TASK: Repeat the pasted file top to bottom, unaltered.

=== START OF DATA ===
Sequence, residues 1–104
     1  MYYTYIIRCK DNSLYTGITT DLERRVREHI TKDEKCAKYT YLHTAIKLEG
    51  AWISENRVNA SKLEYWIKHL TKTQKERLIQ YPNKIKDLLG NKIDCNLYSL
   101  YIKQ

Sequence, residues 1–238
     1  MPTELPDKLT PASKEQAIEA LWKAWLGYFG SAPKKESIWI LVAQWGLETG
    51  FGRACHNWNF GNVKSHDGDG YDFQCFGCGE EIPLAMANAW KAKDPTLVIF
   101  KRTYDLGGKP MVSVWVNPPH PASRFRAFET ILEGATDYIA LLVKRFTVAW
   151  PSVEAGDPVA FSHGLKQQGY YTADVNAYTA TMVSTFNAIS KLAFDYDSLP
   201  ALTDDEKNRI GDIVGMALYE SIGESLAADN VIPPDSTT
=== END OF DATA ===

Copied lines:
Sequence, residues 1–104
     1  MYYTYIIRCK DNSLYTGITT DLERRVREHI TKDEKCAKYT YLHTAIKLEG
    51  AWISENRVNA SKLEYWIKHL TKTQKERLIQ YPNKIKDLLG NKIDCNLYSL
   101  YIKQ

Sequence, residues 1–238
     1  MPTELPDKLT PASKEQAIEA LWKAWLGYFG SAPKKESIWI LVAQWGLETG
    51  FGRACHNWNF GNVKSHDGDG YDFQCFGCGE EIPLAMANAW KAKDPTLVIF
   101  KRTYDLGGKP MVSVWVNPPH PASRFRAFET ILEGATDYIA LLVKRFTVAW
   151  PSVEAGDPVA FSHGLKQQGY YTADVNAYTA TMVSTFNAIS KLAFDYDSLP
   201  ALTDDEKNRI GDIVGMALYE SIGESLAADN VIPPDSTT